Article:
I’m a master procrastinator. All weekend I knew I was going to make a roast for lunches this week. And all weekend I procrastinated taking it out of my freezer. I have so much stuff in my freezer, it’s hard to find what I want. The funny thing is when I finally went down to the freezer, at 10PM on Sunday, the roasts were right there on the top. However, it wasn’t a bad thing. I got to read up on how to cook frozen roasts (which led me to my recipe – which DOESN’T contain onion soup mix!), and how to defrost quickly when your roast doesn’t fit into your crockpot when it’s frozen solid. So, everyone gets to share in the joy!


Here come the meat sweats! 

So, where do we start? I like to start at the beginning.

First, here’s the recipe that inspired my recipe. The only problem is this recipe had a lot of maintenance. And I wanted to sleep (or go to work) while my roast cooked. So, I combined the steps, and eliminated a lot of stuff. I was very happy with the results.

Second, what are the recommended ways to defrost a roast?

  1. Put it in the fridge for a day, like a responsible. But how many of us are responsible adults? I’d say I remember to (or don’t knowingly procrastinate) defrost meat about 50% of the time. So what do you do the other 50%?
  2. You can soak the roast (sealed in a zip lock) in cool water. I have a hard time getting frozen meat in a Ziploc to stay under water, so sometimes I let cool water run over the meat. Total waste of water, but it gets the job done in a pinch. Flip the meat every 15 or so minutes.
  3. You can soak the meat in warm water (or do the same technique where the water’s running over it. Replace the water as it cools. Flip the meat more often, maybe every five minutes. Don’t use hot water, it’ll start cooking the meat.
  4. Defrost in the microwave. I have a defrost button, but if you don’t, do 30-40% power, flipping every 3-5 minutes, being careful not to cook.

I used the fourth, and least recommended, option. I told the microwave the beef was three pounds, and it told me it would take 27 minutes. I just wanted to thaw it enough that it would slide into the crockpot. So I ended up thawing for about 12 minutes, and flipped about four times. At that point, the edges were thawed enough to give me flexibility to fit in the crockpot sideways. After I cooked everything on high for two hours, I was able to lay the roast flat, under the liquid (with the vegetables on top).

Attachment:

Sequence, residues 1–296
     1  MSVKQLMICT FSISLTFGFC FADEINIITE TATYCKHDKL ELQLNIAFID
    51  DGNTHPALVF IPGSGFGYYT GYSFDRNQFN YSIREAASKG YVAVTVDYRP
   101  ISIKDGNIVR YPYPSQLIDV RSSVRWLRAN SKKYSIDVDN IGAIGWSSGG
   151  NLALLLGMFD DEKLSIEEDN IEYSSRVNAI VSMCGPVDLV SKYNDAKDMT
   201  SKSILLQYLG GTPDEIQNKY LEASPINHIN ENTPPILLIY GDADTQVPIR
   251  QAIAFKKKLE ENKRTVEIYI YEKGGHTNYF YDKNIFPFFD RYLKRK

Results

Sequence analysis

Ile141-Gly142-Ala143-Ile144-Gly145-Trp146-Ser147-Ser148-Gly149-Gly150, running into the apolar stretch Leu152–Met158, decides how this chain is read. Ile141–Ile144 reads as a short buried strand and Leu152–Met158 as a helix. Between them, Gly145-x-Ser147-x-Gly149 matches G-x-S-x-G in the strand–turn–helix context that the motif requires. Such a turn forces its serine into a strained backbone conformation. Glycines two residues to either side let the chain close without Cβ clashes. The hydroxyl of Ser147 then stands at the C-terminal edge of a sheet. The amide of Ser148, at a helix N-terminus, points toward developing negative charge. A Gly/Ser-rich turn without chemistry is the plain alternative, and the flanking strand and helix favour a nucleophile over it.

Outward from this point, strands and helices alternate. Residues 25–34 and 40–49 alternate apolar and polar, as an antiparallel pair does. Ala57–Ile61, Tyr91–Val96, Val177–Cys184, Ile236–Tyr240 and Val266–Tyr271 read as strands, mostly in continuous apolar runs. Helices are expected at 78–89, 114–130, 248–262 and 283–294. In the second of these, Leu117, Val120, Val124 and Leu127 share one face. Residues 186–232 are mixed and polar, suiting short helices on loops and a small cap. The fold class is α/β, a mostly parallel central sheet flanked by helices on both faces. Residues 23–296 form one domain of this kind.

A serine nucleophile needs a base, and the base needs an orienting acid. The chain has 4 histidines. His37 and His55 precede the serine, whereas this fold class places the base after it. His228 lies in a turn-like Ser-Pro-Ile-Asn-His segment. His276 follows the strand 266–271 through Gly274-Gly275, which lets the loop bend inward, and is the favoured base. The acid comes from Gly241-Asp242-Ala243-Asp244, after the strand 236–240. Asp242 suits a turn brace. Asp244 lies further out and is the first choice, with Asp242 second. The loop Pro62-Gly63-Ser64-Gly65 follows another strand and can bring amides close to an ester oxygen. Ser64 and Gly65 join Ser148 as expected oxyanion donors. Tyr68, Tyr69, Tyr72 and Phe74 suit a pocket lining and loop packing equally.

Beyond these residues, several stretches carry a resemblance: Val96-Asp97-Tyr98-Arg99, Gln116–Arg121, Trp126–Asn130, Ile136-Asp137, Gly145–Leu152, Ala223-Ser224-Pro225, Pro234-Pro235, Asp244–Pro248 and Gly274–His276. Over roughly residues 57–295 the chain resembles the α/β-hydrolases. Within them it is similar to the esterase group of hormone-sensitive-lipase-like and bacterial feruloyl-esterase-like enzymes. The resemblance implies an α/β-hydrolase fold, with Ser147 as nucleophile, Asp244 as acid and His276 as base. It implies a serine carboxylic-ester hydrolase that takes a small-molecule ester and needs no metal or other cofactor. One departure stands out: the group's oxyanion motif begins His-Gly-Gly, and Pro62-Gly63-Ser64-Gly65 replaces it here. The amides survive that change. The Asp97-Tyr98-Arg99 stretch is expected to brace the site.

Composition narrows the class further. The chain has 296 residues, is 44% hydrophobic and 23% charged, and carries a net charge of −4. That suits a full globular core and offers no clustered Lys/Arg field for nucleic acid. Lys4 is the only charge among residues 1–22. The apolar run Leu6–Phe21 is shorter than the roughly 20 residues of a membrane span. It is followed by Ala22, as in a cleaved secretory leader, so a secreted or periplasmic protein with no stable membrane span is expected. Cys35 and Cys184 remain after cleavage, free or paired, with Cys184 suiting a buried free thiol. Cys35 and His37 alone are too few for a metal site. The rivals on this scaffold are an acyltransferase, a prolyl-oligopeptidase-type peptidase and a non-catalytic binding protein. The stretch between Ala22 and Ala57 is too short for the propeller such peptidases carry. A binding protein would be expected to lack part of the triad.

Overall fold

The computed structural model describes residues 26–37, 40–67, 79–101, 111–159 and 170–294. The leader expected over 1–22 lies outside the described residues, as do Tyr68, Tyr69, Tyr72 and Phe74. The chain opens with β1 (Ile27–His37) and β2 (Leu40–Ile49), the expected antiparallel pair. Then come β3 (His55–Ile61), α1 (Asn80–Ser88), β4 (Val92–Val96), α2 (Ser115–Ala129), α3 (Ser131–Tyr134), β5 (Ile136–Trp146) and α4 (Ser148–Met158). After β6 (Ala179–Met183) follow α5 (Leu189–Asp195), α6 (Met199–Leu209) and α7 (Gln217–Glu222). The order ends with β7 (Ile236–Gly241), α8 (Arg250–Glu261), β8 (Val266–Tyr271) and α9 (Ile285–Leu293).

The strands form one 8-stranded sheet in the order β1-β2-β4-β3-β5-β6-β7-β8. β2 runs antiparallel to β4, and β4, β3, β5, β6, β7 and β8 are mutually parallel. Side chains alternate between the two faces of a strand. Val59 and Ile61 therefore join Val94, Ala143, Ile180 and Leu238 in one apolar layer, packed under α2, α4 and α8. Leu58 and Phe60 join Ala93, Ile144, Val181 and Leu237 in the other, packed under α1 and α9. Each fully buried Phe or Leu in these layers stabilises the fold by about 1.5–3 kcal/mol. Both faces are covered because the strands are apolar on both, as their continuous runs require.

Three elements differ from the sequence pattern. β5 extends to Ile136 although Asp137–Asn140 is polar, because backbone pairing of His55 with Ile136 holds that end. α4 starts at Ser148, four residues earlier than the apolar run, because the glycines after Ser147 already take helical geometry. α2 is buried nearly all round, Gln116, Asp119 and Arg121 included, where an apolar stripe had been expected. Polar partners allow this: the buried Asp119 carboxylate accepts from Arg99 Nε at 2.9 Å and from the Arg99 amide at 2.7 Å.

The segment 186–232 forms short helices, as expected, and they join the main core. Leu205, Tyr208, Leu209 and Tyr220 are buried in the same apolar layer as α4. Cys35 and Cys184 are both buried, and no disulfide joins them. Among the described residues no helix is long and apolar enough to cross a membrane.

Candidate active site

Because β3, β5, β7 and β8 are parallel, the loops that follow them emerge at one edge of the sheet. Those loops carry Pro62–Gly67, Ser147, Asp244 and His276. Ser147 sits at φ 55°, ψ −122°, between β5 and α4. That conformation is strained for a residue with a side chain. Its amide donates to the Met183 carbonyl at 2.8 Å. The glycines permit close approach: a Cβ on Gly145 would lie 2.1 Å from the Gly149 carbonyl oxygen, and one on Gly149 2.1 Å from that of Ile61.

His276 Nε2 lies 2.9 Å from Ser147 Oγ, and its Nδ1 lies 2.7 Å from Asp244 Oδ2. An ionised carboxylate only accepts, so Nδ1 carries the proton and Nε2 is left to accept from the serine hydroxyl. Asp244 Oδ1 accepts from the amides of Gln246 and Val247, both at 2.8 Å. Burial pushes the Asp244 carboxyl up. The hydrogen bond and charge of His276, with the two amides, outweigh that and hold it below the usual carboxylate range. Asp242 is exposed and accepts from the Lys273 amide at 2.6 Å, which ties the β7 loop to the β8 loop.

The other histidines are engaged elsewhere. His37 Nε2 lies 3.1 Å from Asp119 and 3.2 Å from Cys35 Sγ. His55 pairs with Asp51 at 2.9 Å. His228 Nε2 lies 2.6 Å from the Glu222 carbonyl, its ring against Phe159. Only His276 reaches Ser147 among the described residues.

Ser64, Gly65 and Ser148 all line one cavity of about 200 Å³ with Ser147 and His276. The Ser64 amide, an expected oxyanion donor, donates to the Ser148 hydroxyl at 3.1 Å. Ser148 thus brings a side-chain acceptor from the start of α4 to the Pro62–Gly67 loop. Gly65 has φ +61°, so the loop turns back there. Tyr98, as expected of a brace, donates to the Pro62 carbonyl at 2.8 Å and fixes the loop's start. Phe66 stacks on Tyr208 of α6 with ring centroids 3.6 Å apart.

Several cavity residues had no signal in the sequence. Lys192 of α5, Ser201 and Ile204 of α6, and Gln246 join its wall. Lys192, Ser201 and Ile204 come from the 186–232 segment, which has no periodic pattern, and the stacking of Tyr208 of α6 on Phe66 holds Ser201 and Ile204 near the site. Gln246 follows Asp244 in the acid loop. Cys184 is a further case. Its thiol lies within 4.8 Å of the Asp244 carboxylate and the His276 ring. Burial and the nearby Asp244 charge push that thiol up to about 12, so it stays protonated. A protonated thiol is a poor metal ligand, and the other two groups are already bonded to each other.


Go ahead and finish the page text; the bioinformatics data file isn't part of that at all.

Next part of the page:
OK, about my seasonings. First, I’ve made roast before where you stick the roast with veggies in the crockpot. With or without liquid (some people say about an inch of water, others say no liquid because the meat produces some). I had some homemade broth (recipe soon, I promise!), so I wanted to use that. And after the success of my St. Louis BBQ steaks (sorry I keep dropping reference to them!), I realized low and slow under liquid is the way to go. One time I didn’t submerge the steaks, and the ones that weren’t submerged were dry and tough. No thanks.

And I felt like stuff like alcohol or vinegar help break down the meat some so it’s extra fantastic. So that was my motivation with this one: Find a recipe that uses alcohol, and submerge the roast.

I also didn’t want to use onion soup mix because it has weird ingredients in it. I didn’t really want to mess with substitution onion soup mix ingredients. So instead, I went away from it totally. I liked that this recipe used Worcestershire sauce, and added some apple cider vinegar for good measure. I also knew I wanted to avoid peppers of any kind (food intolerance, not flavor issue), but wanted to add turmeric (one of my favorite meat spices) and cumin (for smoky flavor).

This is what I ended up with:

Crockpot Whiskey Roast

  • 1 beef chuck roast (frozen is OK)
  • 1 large onion, cut in quarters
  • 6 small red potatoes, whole, peeled
  • 2 stalks celery, cut in half
  • 2 cloves garlic, minced
  • 2 carrots, peeled
  • 2 bay leaves, whole
  • 1 tsp dried Italian seasoning